Jim Smith, president of the Professional Compounding Centers of America, a for-profit company that provides compounding assistance to pharmacies, says it would be terrible for patients — because small pharmacies may throw in the towel on making some of the most-needed drugs.

In a recent survey, he said, 40 percent of his group’s members said they would stop doing certain types of compounding if the bills passed.

“Pharmacists don’t want to see the FDA engaged or involved with the regulation of pharmacies,” Smith said.

The two bills would limit the amount of compounded drugs a pharmacy can trade across state lines without being subject to FDA regulation.
The main difference is that the Senate bill, sponsored by Sen. Tom Harkin (D-Iowa), would give the most authority to the FDA — it would apply to all compounds traded across state lines. In the House version, by Rep. Morgan Griffith (R-Va.), FDA regulation would kick in only when compounding is a big portion of a pharmacy’s business — when more than 5 percent of its total output is compounds traded across state lines.
At stake for the pharmaceutical companies, who are lobbying for broader FDA oversight, is what they see as the integrity of the FDA approval process. Companies hiring up lobbyists to work on the issue say they feel strongly about possible safety risks involved with unregulated drugs.

“The current debate has increased awareness of some of the dangerous practices that compounding facilities like NECC have been conducting for years without appropriate federal oversight,” Auxilium Pharmaceuticals spokeswoman Nichol Ochsner said in a statement.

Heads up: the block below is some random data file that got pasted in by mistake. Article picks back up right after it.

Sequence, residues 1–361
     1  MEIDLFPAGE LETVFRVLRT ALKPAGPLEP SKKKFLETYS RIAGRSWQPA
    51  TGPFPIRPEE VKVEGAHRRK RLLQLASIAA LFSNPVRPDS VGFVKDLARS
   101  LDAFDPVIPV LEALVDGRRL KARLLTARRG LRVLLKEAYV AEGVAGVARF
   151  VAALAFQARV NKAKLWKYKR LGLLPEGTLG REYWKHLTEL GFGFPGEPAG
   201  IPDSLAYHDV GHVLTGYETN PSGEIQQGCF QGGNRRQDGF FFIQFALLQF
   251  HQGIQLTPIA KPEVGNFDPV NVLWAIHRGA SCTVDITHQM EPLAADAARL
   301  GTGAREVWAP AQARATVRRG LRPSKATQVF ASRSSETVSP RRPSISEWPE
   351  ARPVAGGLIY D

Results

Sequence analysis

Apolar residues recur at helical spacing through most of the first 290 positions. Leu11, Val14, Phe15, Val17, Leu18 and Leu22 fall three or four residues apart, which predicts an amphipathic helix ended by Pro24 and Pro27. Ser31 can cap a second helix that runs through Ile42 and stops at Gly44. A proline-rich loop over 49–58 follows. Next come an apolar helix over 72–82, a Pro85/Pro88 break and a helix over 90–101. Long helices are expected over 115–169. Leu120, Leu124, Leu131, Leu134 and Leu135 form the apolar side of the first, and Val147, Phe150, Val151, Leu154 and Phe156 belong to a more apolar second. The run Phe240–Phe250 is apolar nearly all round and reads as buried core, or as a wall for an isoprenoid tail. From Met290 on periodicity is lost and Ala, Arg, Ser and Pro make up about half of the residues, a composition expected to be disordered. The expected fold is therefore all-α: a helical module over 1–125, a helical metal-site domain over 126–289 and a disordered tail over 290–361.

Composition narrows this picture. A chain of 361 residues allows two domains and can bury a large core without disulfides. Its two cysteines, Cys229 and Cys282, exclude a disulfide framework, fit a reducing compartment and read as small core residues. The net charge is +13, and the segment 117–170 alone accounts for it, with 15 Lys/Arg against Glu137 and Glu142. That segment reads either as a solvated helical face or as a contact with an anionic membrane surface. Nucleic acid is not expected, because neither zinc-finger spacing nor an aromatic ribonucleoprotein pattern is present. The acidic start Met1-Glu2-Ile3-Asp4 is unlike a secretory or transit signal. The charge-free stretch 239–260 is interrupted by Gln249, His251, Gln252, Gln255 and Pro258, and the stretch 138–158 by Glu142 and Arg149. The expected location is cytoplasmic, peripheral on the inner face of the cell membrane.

Audrey Wu, a spokeswoman for KV Pharmaceutical, warned that “the practice of traditional drug compounding has evolved to a large-scale industry of drug manufacturing without FDA evaluation for efficacy, safety and manufacturing quality.”

The example that comes up most often is the FDA’s decision in 2011 to allow the continued sale of a compounded version of Makena, a medication that reduces the risks of premature births. That drug was approved by the FDA, but the agency still allowed the compounders to sell the cheaper, copied version.

That incident has alarmed the pharmaceutical companies, and they’re worried that Congress won’t go far enough to stop compounders from making copy drugs without FDA approval. In a letter to the House bill’s sponsors, the GPhA and the Biotechnology Industry Organization warned that the current bill allows compounders to copy approved drugs, “thus potentially denigrating FDA’s established approval pathways as well as incentives for innovation.”

Also joining the fight to increase FDA oversight is a group of pharmaceutical and medical companies called the Working Group on Pharmaceutical Safety, whose members include Auxilium and KV Pharmaceutical. Its leadership includes former Health and Human Services Secretary Tommy Thompson, the chairman of TherapeuticsMD, and public health expert Sarah Sellers, an outspoken critic of compounding who has served as a member of FDA’s advisory committee on compounding.
The Working Group takes an even stronger stance against compounds, investing in lobbying efforts to prohibit compounds that copy commercial products. Spokesman Paul Lindsay said the group’s influence work has also included limiting patient exposure to “mass manufacturing under the guise of pharmacy compounding.”

“We’ve had productive meetings on the Hill and are encouraged by the work of the House and Senate towards a meaningful legislative agreement to provide appropriate oversight of pharmacy compounding,” Lindsey said.


No comments:

Post a Comment